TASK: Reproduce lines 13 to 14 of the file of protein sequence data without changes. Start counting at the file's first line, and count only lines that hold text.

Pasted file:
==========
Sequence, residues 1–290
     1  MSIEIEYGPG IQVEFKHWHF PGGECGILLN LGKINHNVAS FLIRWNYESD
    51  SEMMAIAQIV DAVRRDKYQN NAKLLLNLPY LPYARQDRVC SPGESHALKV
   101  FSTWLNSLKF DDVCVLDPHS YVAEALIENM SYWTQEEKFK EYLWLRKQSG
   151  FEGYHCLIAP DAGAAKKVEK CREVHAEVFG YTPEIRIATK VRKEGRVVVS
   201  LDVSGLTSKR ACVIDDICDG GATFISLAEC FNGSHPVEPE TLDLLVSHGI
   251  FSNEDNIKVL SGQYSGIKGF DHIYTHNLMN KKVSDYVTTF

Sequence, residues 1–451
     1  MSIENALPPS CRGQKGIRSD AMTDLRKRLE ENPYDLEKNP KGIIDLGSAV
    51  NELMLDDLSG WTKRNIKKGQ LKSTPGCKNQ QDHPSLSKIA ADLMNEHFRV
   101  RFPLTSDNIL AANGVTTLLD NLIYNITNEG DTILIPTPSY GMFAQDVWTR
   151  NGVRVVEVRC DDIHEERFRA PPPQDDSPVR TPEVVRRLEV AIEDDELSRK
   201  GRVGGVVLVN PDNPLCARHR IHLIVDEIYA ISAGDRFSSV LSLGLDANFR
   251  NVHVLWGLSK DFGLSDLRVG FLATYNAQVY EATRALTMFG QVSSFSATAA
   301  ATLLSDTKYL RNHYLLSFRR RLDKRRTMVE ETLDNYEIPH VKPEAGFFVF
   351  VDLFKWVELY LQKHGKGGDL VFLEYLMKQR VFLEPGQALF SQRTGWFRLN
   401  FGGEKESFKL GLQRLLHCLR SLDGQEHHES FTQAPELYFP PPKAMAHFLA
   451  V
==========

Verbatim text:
   201  GRVGGVVLVN PDNPLCARHR IHLIVDEIYA ISAGDRFSSV LSLGLDANFR
   251  NVHVLWGLSK DFGLSDLRVG FLATYNAQVY EATRALTMFG QVSSFSATAA